Navy P-8 aircraft damaged in towing accident on Okinawa
By ERIK SLAVIN | STARS AND STRIPES Published: December 21, 2016
TOKYO — A Navy P-8 maritime surveillance aircraft sustained damage after striking a tow truck at Kadena Air Base.
The aircraft was being pulled by the small truck at about 5:45 a.m. Monday for normal maintenance when the incident occurred, Navy officials said Wednesday.
The hit caused minor damage to the aircraft’s nose gear and lower fuselage, a Navy statement said.
“There were no injuries, and the investigation of this minor incident is ongoing at this time,” the statement said.
Japanese broadcaster NHK reported that the incident was initially labeled a Class A mishap, which U.S. officials could not confirm Wednesday.
The military defines a Class A mishap as an incident involving either $2 million or more in damages, a death or permanent disability. However, preliminary mishap reports can change significantly upon further investigation and damage assessment.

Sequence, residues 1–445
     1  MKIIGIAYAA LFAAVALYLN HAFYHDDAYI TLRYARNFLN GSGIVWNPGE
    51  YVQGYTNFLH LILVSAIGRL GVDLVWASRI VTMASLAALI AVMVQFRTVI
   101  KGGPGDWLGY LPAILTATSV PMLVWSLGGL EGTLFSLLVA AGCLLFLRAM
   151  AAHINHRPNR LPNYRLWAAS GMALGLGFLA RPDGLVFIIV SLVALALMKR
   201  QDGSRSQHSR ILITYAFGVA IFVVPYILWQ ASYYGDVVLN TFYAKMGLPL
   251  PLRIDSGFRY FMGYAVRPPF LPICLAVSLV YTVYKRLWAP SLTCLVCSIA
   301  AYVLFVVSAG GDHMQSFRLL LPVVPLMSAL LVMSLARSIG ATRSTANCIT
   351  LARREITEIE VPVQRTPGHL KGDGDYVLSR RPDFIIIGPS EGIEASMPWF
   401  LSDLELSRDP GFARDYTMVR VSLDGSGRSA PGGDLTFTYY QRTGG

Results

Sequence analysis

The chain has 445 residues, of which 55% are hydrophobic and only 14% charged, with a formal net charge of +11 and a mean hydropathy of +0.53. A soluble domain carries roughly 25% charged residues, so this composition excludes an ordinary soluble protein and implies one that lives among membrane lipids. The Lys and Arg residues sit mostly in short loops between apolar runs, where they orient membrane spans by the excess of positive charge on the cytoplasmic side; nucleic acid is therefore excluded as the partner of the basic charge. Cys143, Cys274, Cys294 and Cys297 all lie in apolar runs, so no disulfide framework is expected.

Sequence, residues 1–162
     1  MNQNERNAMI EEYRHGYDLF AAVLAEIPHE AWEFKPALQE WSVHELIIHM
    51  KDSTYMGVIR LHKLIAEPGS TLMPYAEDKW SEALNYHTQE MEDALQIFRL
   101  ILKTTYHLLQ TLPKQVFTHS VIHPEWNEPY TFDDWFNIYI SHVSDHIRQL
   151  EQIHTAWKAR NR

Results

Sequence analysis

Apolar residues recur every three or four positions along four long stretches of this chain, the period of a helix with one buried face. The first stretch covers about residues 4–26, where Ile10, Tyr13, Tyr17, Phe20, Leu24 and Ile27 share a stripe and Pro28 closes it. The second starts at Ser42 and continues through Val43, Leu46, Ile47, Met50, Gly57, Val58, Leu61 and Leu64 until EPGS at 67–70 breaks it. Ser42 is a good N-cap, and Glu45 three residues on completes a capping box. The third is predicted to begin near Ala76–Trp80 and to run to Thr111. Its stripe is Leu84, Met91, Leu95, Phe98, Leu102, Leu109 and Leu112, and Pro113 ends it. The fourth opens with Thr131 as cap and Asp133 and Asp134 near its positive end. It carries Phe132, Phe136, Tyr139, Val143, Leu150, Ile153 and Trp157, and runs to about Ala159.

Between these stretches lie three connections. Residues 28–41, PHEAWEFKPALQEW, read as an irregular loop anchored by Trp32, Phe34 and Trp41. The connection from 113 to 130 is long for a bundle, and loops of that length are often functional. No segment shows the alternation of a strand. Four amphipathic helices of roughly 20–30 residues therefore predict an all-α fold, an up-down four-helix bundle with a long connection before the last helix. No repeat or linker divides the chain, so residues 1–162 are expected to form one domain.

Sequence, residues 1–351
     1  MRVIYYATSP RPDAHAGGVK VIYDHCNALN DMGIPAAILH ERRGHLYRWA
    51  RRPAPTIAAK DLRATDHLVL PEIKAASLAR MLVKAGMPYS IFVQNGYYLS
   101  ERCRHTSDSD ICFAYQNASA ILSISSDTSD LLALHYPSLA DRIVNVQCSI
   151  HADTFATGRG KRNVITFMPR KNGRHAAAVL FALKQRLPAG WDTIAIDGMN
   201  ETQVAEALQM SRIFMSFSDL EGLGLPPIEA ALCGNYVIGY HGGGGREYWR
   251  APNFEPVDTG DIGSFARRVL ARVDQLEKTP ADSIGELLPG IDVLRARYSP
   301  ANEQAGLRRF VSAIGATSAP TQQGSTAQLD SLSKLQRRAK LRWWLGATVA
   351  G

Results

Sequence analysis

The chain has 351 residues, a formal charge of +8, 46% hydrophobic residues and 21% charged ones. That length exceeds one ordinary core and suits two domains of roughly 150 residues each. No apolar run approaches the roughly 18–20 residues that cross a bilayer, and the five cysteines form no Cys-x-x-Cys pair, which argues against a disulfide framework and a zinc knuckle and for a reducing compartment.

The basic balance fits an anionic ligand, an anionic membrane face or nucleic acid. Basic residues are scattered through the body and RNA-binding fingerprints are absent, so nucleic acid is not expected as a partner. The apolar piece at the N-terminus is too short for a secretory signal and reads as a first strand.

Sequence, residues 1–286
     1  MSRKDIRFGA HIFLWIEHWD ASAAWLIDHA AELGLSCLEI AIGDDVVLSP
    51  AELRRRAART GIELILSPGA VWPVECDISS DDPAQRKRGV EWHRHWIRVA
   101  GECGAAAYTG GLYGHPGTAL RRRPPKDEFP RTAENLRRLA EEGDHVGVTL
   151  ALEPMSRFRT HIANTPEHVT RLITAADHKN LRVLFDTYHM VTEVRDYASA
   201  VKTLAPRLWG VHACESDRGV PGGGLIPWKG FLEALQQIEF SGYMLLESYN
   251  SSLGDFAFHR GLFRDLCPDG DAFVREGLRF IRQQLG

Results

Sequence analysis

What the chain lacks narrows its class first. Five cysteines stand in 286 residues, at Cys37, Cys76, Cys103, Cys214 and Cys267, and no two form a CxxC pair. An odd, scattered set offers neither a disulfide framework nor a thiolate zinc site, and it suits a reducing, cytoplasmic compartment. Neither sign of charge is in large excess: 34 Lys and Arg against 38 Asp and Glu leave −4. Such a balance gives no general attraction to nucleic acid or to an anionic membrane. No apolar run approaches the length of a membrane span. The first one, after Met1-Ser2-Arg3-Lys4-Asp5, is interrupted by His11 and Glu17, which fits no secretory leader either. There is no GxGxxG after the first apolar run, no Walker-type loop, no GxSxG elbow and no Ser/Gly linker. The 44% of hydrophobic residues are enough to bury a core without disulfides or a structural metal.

The P-8 accident made national news in Japan on Wednesday after a more serious incident earlier this month.
On Dec. 12, a Marine Osprey went down in shallow waters off Okinawa, leaving the aircraft in pieces. The helicopter-plane hybrid had been practicing nighttime air refueling at sea when it damaged a propeller when a heavy hose was severed.
Marine officials praised the crew for risking their lives, rather than putting Okinawans at risk by attempting to land at Marine Corps Air Station Futenma.
However, the incident stoked criticism from some Okinawa officials and residents who had previously expressed concerns about the Osprey’s safety.
The Navy’s P-8 squadrons have been used increasingly for Asia-Pacific missions during the past few years.
Based on one of Boeing’s commercial frames, the planes include advanced sensors and other equipment designed for intelligence gathering and anti-submarine warfare, though they are also armed for anti-surface combat.
The P-8 is an upgrade over the P-3 Orion, which has been in continuous service in multiple variants since the 1960s.